Although magnesium deficiency is common, it rarely results in yield reduction. However, its presence might offer entry points for botrytic and other diseases. The deficiency usually exists only in the plant, not in the soil, and is related to high-potassium feeds or poor root development. Both these make it difficult for the plant to take in sufficient magnesium, thereby forcing the plant to move magnesium from the old leaves to the new. Magnesium, being a vital part of chlorophyll, is easy to monitor because its absence is made obvious by the absence of chlorophyll. A magnesium deficiency is easily corrected with Epsom Salts, in a 2% solution spray. In fact, some growers provide most of the magnesium requirements of a crop in frequent sprays.


Calcium deficiency is usually expressed as blossom-end rot of the fruit and as dieback of the growing tips. In most cases the calcium deficiency is not in the soil but is induced. The most likely cause is water stress on the plant resulting from inadequate or uneven watering, frequent and large variations in relative humidity, or a high level of salts. Sprays of calcium nitrate or calcium chloride, in a 2% solution, help correct a calcium deficiency, but improving the water balance in the plant is a more practical solution to the problem.

Calcium, magnesium, and potassium are believed to compete with each other, with a varying degree of success, for the same sites of absorption by the plant; it is useful to remember that increasing one of them affects the other two.


This element is rarely a problem because it is present in many fertilizers as a carrying element and because it is a commonplace pollutant. However, high sulfur levels can become sources of excessively high salts and could also be detrimental to the uptake of molybdenum.


Iron deficiency, a frequent problem, is usually expressed in chlorotic young leaves. Similar to calcium deficiency, iron deficiency is, in most cases, induced. Indirect causes of iron deficiency may be soil pH that is too high, a manganese level that is too high, and poor root growth or poor anaerobic soil conditions resulting from overwatering. In many cases, improved soil aeration or drying out the soil or peat corrects the problems. Soil applications and foliar sprays of iron salts or iron chelates are helpful, but as usual the most recommended action is the elimination of the source of the problem.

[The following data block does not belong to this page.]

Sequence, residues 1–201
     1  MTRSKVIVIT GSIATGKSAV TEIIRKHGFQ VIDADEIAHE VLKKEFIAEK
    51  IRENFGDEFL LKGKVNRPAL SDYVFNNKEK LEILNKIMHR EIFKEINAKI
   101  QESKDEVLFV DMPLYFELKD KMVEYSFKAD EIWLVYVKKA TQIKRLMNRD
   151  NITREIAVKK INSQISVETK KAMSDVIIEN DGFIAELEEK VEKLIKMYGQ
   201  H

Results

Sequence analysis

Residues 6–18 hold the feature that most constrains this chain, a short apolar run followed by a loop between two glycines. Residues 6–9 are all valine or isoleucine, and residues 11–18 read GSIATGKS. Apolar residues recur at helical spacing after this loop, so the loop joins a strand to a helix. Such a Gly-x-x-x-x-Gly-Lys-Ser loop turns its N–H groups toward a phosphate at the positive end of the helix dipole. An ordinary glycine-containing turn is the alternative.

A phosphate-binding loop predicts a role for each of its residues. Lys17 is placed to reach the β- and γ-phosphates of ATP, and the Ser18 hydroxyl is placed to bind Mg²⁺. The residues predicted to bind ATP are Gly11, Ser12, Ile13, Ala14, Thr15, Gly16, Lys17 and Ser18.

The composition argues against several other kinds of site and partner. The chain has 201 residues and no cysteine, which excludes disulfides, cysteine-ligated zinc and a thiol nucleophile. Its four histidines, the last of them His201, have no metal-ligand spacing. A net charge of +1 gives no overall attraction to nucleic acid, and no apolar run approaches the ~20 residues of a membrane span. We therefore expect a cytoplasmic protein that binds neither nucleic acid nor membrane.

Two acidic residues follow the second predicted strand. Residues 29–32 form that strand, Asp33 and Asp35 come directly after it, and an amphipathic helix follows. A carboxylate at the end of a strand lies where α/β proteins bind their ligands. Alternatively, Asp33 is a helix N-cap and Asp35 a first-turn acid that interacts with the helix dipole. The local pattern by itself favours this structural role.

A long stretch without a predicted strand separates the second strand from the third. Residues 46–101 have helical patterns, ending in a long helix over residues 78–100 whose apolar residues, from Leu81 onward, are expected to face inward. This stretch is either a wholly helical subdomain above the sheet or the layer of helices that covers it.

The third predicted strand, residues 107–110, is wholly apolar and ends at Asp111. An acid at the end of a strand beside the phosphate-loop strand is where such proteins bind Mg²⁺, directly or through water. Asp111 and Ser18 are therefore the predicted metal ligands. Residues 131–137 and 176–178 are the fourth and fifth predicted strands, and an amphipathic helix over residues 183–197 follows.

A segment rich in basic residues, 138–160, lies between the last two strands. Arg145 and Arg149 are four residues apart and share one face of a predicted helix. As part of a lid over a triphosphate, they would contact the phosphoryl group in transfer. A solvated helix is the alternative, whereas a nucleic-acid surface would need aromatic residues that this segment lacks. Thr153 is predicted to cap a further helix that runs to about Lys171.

Manganese deficiency is frequently confused with iron deficiency and is often an expression of iron toxicity. Manganese toxicity is a more serious problem, encountered when steaming is not well controlled and is not followed by leaching.


Peat media may occasionally be deficient in copper, but the widespread use of copper plumbing ensures an adequate copper supply in most cases.


Boron deficiency is expressed as brittleness of leaves, premature wilting, and, in acute form, as dieback of the growing tips. This deficiency can be corrected easily with foliar sprays of a Borax solution, but the rate of application must be monitored carefully because boron toxicity can cause severe plant damage.


This element is rarely in deficiency. Toxicity is a potential problem in recirculating hydroponic systems, as there is always some zinc released from galvanized pipes.


A molybdenum deficiency can be induced by acid soil conditions or high sulfur levels. Although symptoms of molybdenum deficiency are not easily distinguishable, leaf tissue analysis is a dependable diagnostic tool.

Chapter 4. General cultural practices Crop scheduling

Early spring tomatoes

  • Sow seed 25 October-25 November
  • Set plants in permanent bed 1 January-15 January
  • Harvest April to July
  • Remove plants 1 July-20 July
  • Sterilize soil 1 July-25 July

Fall tomatoes

  • Sow seed 15 June-15 July
  • Set plants in permanent bed 20 July-15 August
  • Harvest October to December
  • Remove plants 15 December-l January
  • Sterilize soil 16 December-l January

The early-spring tomato crop is usually replaced by a late-spring tomato crop in old single plastic houses where light transmission is poor and heating costs are high.

Late-spring tomatoes

  • Sow seed 15 December-15 January . Set plants in permanent bed 1 February-1 March
  • Harvest May to July
  • Remove crop 20 July-25 July

Sometimes the spring crop of tomatoes is extended to the following November if plants are healthy. The replacement of the spring crop of tomatoes by a spring crop of cucumbers and the fall crop of tomatoes by a fall crop of cucumbers or two fall crops of lettuce are variations to the standard scheduling of one spring and one fall crop of tomatoes per year.

Growing Soilless

Growing Soilless

This is an easy-to-follow, step-by-step guide to growing organic, healthy vegetable, herbs and house plants without soil. Clearly illustrated with black and white line drawings, the book covers every aspect of home hydroponic gardening.

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